- The Washington Times - Monday, May 18, 2009

Several lawmakers cautioned Sunday against any artificial deadline on closing the Guantanamo Bay detention center, and Republicans predicted that President Obama would step back from his vow to close the facility by January.

Mr. Obama had pledged to release the detainees being held at Guantanamo by January, but the issue of what to do with those prisoners has vexed politicians here and abroad.

Sen. Jim Webb, Virginia Democrat, said he opposes releasing detainees in his state and said the administration should not adhere to “artificial deadlines” when determining when to release the detainees.

He said Sunday, when reminded of the Obama administration’s January deadline, that the White House had made many promises.

“They’ve said a lot of things and taken a look and said some other things,” Mr. Webb said Sunday on ABC’s “This Week.” “So let’s process these people in a very careful way and then take care of it.”

Mr. Obama already has disappointed many liberal supporters with shifting stances on national-security issues. In just the past week, he reversed himself by declining to release photos of detainee abuse and also said he would continue to use military tribunals to try Guantanamo detainees, a practice for which he had criticized the Bush administration.

The president said he thinks releasing additional photos of detainee abuse would put American troops in additional harm and has detailed an amended military tribunal policy that would expand rights for detainees. But civil liberties groups have chafed at Mr. Obama’s stances as reversals anyway.

“I think if the president spent as much time as I have sitting in those military commissions like Guantanamo - several weeks I have sat there in the back of that courtroom - he would see the debacle of justice,” American Civil Liberties Union President Anthony Romero said on CBS’ “Face the Nation.” “He would see that there is no way to resurrect these military commissions. It’s like a toxic-waste dump. You can’t just build a new house on a toxic-waste dump, you have to move the house.”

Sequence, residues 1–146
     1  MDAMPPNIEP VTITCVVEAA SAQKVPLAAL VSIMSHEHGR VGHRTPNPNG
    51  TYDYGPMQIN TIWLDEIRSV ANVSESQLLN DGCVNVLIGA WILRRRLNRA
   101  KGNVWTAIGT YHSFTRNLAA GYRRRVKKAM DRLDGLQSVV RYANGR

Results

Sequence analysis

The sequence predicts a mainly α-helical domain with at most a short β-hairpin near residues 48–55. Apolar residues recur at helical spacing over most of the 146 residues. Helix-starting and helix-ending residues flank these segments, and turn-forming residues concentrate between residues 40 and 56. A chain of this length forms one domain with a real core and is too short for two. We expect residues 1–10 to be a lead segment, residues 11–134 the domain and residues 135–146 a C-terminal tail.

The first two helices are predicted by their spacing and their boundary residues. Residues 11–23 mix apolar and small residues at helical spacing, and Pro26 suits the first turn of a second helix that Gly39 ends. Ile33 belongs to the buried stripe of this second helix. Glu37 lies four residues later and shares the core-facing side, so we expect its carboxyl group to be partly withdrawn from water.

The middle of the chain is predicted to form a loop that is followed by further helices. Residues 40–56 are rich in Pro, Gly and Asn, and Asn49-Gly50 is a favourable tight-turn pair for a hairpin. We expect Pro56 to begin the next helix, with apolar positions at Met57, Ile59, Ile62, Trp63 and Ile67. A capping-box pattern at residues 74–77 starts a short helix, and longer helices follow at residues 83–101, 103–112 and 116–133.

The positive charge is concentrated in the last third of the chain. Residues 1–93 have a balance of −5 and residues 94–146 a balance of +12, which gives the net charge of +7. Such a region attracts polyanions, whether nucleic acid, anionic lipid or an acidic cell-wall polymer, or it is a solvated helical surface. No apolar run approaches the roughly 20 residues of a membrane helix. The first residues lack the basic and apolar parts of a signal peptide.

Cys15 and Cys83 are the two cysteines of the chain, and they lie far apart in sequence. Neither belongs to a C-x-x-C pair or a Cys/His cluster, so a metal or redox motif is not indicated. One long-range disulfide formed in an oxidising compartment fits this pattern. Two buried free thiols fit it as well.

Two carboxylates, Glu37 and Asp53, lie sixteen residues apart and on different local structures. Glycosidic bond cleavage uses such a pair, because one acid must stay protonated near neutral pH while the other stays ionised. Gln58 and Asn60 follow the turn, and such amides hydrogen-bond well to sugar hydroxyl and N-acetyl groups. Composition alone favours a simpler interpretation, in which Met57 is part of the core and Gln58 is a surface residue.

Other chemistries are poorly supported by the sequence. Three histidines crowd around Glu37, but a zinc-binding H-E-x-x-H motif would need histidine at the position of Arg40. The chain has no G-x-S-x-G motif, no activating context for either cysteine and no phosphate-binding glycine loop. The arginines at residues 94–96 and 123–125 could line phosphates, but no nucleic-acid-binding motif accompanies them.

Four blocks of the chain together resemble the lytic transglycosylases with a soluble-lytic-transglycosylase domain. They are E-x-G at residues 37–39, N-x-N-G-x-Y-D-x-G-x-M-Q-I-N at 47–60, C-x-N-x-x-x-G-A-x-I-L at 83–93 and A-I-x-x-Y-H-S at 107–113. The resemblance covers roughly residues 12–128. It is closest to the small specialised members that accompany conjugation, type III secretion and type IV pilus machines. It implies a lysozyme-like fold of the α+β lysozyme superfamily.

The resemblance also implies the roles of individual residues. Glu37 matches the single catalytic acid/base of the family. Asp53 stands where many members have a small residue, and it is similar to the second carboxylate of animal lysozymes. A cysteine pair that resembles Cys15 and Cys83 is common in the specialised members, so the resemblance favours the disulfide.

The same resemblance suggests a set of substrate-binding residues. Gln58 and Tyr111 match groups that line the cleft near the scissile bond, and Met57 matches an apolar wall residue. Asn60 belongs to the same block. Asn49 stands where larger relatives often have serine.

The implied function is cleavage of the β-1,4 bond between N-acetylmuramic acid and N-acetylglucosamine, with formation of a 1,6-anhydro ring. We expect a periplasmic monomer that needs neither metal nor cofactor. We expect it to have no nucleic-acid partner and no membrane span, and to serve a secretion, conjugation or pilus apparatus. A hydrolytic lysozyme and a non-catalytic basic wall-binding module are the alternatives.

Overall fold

Rep. James P. Moran, Virginia Democrat, has said he would support holding some detainees in Virginia, but most other politicians have said they would oppose holding them in their states.

Republican lawmakers predicted Sunday that Mr. Obama would likely push back the January deadline, with Rep. Peter T. King, New York Republican and ranking Homeland Security Committee member, telling CBS that the president “made a mistake by setting an arbitrary deadline.”

Senate Minority Leader Mitch McConnell agreed, saying Mr. Obama should not have locked in a date without accounting for where the detainees would go.

“The president made a mistake by picking a date certain to close Guantanamo. He’s changed his mind about a number of things,” Mr. McConnell, Kentucky Republican, said on “Fox News Sunday.” “This is one, I think, that requires an adjustment in his position because I think he’s going to have a very difficult time figuring out what to do with these terrorists.”

Virginia Gov. Tim Kaine, whom Mr. Obama recently backed as Democratic National Committee chairman, said the president has not reversed himself.

“On the photos, the president wrestled with a very fundamental question, which is: Now that certain photos are out, are more photos going to help us in our national security or not?” Mr. Kaine said on NBC’s “Meet the Press.” “I think we want a president who’s going to look at that data every day and try to make the best decision for the national security, and that was this decision.”

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